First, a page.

In terms of how Leicester City dealt with specific situations, Ruiz et al. designed a special “Strategy Plot” that allows for the visualization of how the teams tended to score and concede. The bigger the box, the more the chances. The darker the color of the box, the less effective the effort at dealing.
Ruiz’s description of the chart: “Strategy plot of the 2015/16 EPL season comparing all 20 teams offensive (less) and defensive (right) effectiveness for all 14 shot types. The size of the square relates to how many shots were made/conceded for each shot type. The intensity of the color corresponds to the effectiveness with respect to xG (i.e., light = low xG, dark = high xG).”
In terms of offense, Leicester City performed best on counterattacks, as would be expected and established. Defensively, they conceded shots through direct play, corner kicks, and crosses the most. However, the light red color in the boxes indicates that they were dealt with effectively, preventing goals. In short, Ranieri’s team’s -10.7 expected goals conceded differential was no fluke.
So what does this have to do with Brendan Rodgers?
Anyone who has followed his career knows that Rodgers is an acolyte of modern football. Moreover, in the past, he subscribed to score first, defend maybe later philosophy. Every sport has a team like Rodgers’ Liverpool and Celtic teams. If we can’t defend you, we can definitely outgun you. The Aaron Boone’s 2018 “Baby Bomber” New York Yankees. Mike D’Antoni’s Phoenix Suns and to a lesser extent his current Houston Rockets. The list goes on. And one thing most of those teams have in common? They didn’t win championships. (Of course, Celtic were the exception having won spectacularly in the Scottish League. However, one gets the sneaking suspicion that’s as much a testimony to the weakness of the league complimented by Rodgers’ acumen as a manager.)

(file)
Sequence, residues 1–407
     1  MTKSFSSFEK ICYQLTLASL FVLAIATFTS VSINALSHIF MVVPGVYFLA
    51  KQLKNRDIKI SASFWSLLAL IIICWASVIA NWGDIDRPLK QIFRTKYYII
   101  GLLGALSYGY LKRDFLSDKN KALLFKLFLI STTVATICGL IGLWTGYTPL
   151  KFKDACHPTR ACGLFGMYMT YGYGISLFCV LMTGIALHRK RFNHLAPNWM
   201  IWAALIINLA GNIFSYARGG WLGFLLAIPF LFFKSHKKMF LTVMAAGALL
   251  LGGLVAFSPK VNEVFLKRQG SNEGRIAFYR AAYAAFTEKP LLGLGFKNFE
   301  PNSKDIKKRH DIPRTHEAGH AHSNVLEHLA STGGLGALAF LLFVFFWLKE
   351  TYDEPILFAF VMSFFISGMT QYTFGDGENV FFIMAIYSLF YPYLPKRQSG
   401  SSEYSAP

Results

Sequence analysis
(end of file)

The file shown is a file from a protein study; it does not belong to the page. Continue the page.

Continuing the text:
Whether Claudio Ranieri was the Premier League’s version of Jensen Button, we’ll let smart historians and pundits decide. All we know is that he won the league by having his team put in the best sustained defensive performance in England. And as the much-maligned Tinkerman proved, defense wins titles.
Everyone knows Brendan Rodgers can get his teams to score goals. As he’s already shown, he can get Leicester City to score goals they were incapable of under Puel. However, whether he can get them to defend is another story altogether.
WORDS: Marc Landas
SOURCES: BBC; Hector Ruiz, Paul Power, Xinyu Wei, and Patrick Lucey. 2017. “The Leicester City Fairytale?”: Utilizing New Soccer Analytics Tools to Compare Perfor- mance in the 15/16 & 16/17 EPL Seasons. In Proceedings of KDD conference, El Halifax, Nova Scotia Canada, August 2017 (KDD 2017), 13 pages.
DIAGRAMS: BBC; Hector Ruiz, Paul Power, Xinyu Wei, and Patrick Lucey. 2017. “The Leicester City Fairytale?”: Utilizing New Soccer Analytics Tools to Compare Perfor- mance in the 15/16 & 16/17 EPL Seasons. In Proceedings of KDD conference, El Halifax, Nova Scotia Canada, August 2017 (KDD 2017), 13 pages.
IMAGE SOURCE: Creative Commons